The biggest U.S. gasoline price surge in years is running out of steam just in time for the start of the summer driving season.Energyread more
Stocks rose on Friday, but notched weekly losses as investors worried the U.S.-China trade war is hurting economic growth.US Marketsread more
The combination of mounting recession fears, bets on a more cautious Fed and a regular uptick in market volatility could spell more losses.Marketsread more
The therapy, Zolgensma, is a one-time treatment for spinal muscular atrophy — a muscle-wasting disease and leading genetic cause of infant mortality, affecting 1 in every...Biotech and Pharmaceuticalsread more
SpaceX has raised just over $1 billion in financing since the beginning of the year.Investing in Spaceread more
An analyst for Ark Invest, which has a major investment in Tesla, says recent drastic price-target cuts by others on Wall Street are missing the big picture.Investingread more
Former Foreign Minister Boris Johnson is seen as the bookmaker's favorite to succeed outgoing Prime Minister Theresa May.Europe Politicsread more
Apple bought Tueo Health, which was developing tech to help parents monitor asthma symptoms in children, using a mobile app and commercial breathing sensors.Technologyread more
United Airlines will take its 14 Boeing 737 Max jets off its schedule for another month, through Aug. 3, canceling another 1,290 flights.Airlinesread more
Trade could be a big factor for markets in the week ahead, but investors will also be attuned to fresh inflation data and the bond market, which is flashing new worries about...Market Insiderread more
Mississippi is one of several states that have moved to pass new restrictions on abortion this year.Politicsread more
Friday's dramatic sell-off capped the worst week in two years for stocks, and investors were looking forward to Monday with trepidation.
The wild ride, which shaved 3.8 percent off the S&P 500, is the first correction of more than 3 percent since just before the presidential election in 2016. Since the election, the S&P 500 is up about 30 percent, and this week's selling reintroduces volatility that has been unheard of since then.
"How long has it has been since we've had a scary Friday, and a whole scary weekend until we see what Monday is like?" said Jim Paulsen, chief investment strategist at Leuthold Group. "The other thing that got me, leading up to this week, is that good news stopped helping stocks."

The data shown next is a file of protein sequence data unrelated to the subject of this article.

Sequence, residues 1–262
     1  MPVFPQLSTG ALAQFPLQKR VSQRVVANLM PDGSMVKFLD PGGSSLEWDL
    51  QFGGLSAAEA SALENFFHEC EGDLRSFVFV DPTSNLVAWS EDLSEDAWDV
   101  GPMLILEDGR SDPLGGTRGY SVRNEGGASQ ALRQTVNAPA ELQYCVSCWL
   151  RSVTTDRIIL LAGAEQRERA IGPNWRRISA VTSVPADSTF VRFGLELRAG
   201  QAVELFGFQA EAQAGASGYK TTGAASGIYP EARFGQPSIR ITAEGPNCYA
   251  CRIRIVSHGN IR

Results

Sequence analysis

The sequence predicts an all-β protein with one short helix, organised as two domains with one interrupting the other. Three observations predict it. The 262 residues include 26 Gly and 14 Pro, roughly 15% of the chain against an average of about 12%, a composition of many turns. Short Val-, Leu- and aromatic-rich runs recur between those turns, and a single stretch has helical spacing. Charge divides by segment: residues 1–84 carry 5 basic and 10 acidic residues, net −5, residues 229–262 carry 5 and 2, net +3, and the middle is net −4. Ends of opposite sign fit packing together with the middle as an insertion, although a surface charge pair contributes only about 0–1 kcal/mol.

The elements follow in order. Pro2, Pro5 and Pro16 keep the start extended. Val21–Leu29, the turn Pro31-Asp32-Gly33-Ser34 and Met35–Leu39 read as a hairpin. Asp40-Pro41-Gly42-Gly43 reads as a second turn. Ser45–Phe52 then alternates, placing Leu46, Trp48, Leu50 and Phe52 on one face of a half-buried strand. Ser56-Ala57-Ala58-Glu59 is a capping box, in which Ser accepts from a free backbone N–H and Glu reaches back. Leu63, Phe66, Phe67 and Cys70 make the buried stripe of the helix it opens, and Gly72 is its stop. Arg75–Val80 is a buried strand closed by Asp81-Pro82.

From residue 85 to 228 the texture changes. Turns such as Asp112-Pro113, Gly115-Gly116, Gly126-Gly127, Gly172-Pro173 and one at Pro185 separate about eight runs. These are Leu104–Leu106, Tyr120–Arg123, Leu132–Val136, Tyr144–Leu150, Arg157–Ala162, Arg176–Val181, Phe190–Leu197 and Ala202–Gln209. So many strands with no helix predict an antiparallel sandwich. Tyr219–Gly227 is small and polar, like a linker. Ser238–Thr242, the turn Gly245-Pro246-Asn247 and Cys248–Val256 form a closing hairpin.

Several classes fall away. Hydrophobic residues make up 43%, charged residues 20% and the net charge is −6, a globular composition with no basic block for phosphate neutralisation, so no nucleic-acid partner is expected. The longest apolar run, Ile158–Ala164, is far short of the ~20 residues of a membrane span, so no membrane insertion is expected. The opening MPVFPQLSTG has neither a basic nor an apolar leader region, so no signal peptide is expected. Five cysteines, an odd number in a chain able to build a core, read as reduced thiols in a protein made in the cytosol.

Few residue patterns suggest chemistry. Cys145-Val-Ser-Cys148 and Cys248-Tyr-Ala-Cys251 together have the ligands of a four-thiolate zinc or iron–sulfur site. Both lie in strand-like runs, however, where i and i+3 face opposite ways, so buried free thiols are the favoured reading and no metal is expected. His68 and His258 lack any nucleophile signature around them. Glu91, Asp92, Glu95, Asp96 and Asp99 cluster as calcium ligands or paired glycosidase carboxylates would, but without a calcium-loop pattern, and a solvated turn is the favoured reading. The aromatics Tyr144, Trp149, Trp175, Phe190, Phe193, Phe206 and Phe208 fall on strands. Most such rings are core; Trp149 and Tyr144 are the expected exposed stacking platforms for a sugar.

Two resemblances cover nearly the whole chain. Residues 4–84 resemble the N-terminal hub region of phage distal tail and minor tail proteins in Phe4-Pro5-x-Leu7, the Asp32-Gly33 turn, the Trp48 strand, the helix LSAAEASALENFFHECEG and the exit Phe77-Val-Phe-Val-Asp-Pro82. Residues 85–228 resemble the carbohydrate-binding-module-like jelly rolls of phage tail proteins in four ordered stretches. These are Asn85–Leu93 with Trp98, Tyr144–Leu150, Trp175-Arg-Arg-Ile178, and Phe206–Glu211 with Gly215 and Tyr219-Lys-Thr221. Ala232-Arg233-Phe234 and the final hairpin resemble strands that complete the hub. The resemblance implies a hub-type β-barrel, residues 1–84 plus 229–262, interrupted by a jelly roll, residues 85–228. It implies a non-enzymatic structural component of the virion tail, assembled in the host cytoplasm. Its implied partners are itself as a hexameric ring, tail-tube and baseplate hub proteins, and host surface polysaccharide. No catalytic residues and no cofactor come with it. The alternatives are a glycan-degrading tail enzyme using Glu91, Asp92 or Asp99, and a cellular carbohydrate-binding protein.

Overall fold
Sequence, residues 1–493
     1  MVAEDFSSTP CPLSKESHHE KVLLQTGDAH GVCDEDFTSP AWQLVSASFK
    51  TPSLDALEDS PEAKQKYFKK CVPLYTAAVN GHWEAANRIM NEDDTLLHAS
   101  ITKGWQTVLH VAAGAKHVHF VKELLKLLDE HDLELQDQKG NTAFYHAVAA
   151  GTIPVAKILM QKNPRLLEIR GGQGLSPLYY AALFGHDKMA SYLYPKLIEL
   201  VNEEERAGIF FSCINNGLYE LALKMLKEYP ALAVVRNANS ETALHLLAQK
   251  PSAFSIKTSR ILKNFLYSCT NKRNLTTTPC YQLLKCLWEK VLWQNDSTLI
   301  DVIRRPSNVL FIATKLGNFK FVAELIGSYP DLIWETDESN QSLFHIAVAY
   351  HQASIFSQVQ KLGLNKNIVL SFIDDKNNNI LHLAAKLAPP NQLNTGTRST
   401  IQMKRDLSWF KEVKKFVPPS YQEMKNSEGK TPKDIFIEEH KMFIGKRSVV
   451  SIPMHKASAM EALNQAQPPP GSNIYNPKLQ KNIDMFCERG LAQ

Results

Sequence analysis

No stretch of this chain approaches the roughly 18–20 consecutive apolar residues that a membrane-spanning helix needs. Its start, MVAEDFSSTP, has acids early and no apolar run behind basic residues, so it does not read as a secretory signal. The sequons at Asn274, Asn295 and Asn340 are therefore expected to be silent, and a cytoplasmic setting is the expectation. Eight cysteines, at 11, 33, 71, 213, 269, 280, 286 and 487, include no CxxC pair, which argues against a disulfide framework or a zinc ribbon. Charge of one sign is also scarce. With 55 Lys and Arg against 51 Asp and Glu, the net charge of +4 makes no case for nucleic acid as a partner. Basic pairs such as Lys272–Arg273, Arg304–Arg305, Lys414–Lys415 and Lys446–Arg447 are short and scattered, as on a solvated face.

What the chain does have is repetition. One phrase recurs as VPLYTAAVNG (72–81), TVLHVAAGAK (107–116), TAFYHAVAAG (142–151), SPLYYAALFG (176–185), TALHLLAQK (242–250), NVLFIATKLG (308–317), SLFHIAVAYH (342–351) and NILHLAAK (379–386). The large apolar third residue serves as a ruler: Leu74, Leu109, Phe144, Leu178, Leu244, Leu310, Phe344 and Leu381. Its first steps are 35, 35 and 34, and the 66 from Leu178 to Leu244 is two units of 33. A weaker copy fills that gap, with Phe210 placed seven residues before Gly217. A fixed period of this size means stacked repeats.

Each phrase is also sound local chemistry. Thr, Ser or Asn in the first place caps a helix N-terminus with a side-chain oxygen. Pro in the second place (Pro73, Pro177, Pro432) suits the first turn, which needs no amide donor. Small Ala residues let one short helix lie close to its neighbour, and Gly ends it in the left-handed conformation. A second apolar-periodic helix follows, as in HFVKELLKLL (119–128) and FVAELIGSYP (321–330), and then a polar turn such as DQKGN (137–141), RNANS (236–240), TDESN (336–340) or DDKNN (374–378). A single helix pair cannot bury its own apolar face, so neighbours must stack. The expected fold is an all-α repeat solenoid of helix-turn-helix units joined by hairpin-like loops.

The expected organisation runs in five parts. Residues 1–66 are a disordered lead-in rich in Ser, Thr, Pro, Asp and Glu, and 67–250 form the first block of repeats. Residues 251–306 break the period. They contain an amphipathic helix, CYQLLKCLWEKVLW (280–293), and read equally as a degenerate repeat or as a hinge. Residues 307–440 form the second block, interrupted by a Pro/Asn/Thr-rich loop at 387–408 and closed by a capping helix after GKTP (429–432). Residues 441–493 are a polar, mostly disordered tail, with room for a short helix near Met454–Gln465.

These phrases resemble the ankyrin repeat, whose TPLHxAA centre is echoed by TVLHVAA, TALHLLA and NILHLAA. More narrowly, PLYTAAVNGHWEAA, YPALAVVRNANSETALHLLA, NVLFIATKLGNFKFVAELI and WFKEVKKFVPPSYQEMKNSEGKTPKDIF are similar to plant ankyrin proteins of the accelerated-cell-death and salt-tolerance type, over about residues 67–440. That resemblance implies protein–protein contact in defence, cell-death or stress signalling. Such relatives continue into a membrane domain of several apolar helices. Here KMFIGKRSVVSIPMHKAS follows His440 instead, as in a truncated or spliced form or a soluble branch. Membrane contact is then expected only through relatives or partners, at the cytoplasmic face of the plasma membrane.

Dow futures were down nearly 200 points Sunday evening, and Treasury yields were rising from Friday's elevated levels.
The stock market sell-off was tied to a sell-off in bonds, and bond strategists were reluctant to call a direction for interest rates in the week ahead, after the unusual volatility of the past week.
"The sell-off has been pretty violent," said Michael Schumacher, director of rate strategy at Wells Fargo. "Normally I'd say if you have some 40 basis point move in the 10-year, it's better looking for long-term investors."
The bond market will be put to the test into the Treasurys $66 billion in auctions of 3-, 10-year and 30-year bonds, Tuesday through Thursday. The 10-year was yielding 2.86 percent in the Asian session.
This past week, the Treasury announced higher issuance at those auctions, and that also spooked bonds, which have been anticipating a surge in new debt this year.
Jerome Powell is sworn in as Fed chair Monday, after Janet Yellen left the post over the weekend. There are a number of Fed speakers in the coming week, and they may have comments about inflation but the markets are mostly looking forward to the Fed forecasts after its March meeting and Powell's comments at his first press briefing after that meeting.
Yields, which move opposite price, had also been rising on inflation expectations and the idea that the Fed and other central banks be forced to raise interest rates and tighten policy faster than expected if growth and inflation pick up. January's employment report Friday included the best wage gains since 2009. That sent rates spiking, and the 10-year jumped to 2.85 percent, its highest level since January 2014.
"The market obviously got a little ahead of itself and all it took was the sell-off in bonds to show us that. Meanwhile, earnings are fine," said Bob Doll, chief U.S. equity strategist at Nuveen Asset Management. "Tell me where the 10-year yield is going to end up in this noisy period. If it stops going up, stocks will probably stop going down."
Strategists said the market is adjusting to the idea that the Fed could have to raise interest rates more than the three times it forecast for this year.
Julian Emanuel, chief U.S. equity and derivatives strategist at BTIG, said if the 10-year gets close to 3 percent that could be problematic for stocks. "If yields stop here, this correction is likely going to be one of a combination of price and time correction ... sideways choppy, volatile for a number of weeks but not material downside. But if politics stay in the headlines and rates continue to rise, that's how you get the big move to the downside."
Washington will continue to be a focus as Congress faces a Feb. 8 budget deadline and markets watch for fallout from the House intelligence committee release of a GOP memo on the Russian investigation.
Jay Powell is sworn in as Fed Chair
9:45 a.m. Services PMI
10:00 a.m. ISM nonmanufacturing
2:00 p.m. Senior loan officer survey
8:30 a.m. U.S. trade deficit
10:00 a.m. JOLTs
8:30 a.m. New York Fed President William Dudley
11:15 a.m. Chicago Fed President Charles Evans
3 p.m. Consumer credit
5:30 p.m. San Francisco Fed President John Williams
4:50 a.m. Dallas Fed President Robert Kaplan
8:00 a.m. Philadelphia Fed President Patrick Harker
8:30 a.m. Jobless claims
9:00 a.m. Minneapolis Fed President Neel Kashkari
9:00 p.m. Kansas City Fed President Esther George
10:00 a.m. Wholesale trade